Staff at London fintech firm GoCardless will soon be able to spend up to 90 days per year working from any location they choose, as companies find ways to be innovative with their hybrid working strategies.
Those who qualify for the online payments company’s Work Away scheme will be able to work from any location that meets safety, security and privacy standards, GoCardless said.
GoCardless, which has raised $240m in venture capital funding from the likes of Google and Salesforce, has offices in London, Australia, France, Germany and the US.
The policy follows a similar announcement by digital bank Revolut, which said its staff will receive 60 days’ allowance to work from anywhere.
Outside of the Work Away scheme, GoCardless staff will be able to choose the number of days they work in the office along with other members of their team. The rest of their time will be spent working remotely.
Around two thirds of GoCardless employees said that they would prefer to be in the office one to three days per week, in a survey conducted by the startup. Just over half of staff said they intend to use remote working to do their job from anywhere in the world.
GoCardless has also created a new senior role within the company to oversee the future of its office space and working arrangements. Lloyd Lasade, who has previously held roles at WeWork and CBRE, took on the title of GoCardless’ head of workplace last month.
“The pandemic has forced everyone to try remote working. The paradigm shift that followed means the old model of being in the office Monday through Friday, nine to five, is gone. That genie is not going back in the bottle,” said Lasade in a 12 May statement.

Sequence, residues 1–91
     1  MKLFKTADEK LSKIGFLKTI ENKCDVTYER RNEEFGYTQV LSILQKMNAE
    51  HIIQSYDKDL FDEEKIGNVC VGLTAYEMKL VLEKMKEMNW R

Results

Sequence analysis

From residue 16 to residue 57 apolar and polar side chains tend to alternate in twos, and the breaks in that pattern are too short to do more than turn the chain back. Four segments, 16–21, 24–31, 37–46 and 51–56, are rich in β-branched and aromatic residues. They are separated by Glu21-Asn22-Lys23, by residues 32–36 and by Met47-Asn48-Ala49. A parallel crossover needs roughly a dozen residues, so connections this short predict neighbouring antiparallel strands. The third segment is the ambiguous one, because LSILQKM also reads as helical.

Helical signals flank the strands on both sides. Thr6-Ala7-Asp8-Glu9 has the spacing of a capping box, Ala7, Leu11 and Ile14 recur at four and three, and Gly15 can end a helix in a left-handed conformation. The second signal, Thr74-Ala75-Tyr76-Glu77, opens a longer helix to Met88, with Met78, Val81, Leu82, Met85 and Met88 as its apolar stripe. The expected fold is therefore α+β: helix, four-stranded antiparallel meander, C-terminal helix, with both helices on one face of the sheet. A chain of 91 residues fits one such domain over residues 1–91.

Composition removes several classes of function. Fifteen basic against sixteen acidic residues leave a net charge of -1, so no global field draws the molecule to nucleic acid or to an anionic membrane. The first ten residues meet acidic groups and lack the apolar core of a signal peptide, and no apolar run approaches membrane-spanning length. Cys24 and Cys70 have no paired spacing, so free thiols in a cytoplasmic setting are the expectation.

“What we need to look at now is, how do we ensure employees — no matter where they are — can do their best work? And, for a fast-growing company like GoCardless, which has onboarded over 270 people since the pandemic began, how do we design an office that reflects our culture?”
Businesses in financial services are considering how they can retain hybrid working arrangements for staff while also meeting post-pandemic regulatory requirements, particularly for those roles that require an in-office presence.
Some banks, such as Nationwide, have opted for a ‘work from anywhere’ policy as it cuts its UK office space. However, not all businesses are keen to reject their physical footprint, with only 17% of CEOs seeking to trim their office space in March compared with 69% eight months earlier.
Tech companies are largely opting for a hybrid approach, permitting staff to return to the office two to three days per week. Google has revamped its office space to better suit a combination of virtual and physical team meetings, while Coinbase has opted to ditch its headquarters altogether.
To contact the author of this story with feedback or news, email Emily Nicolle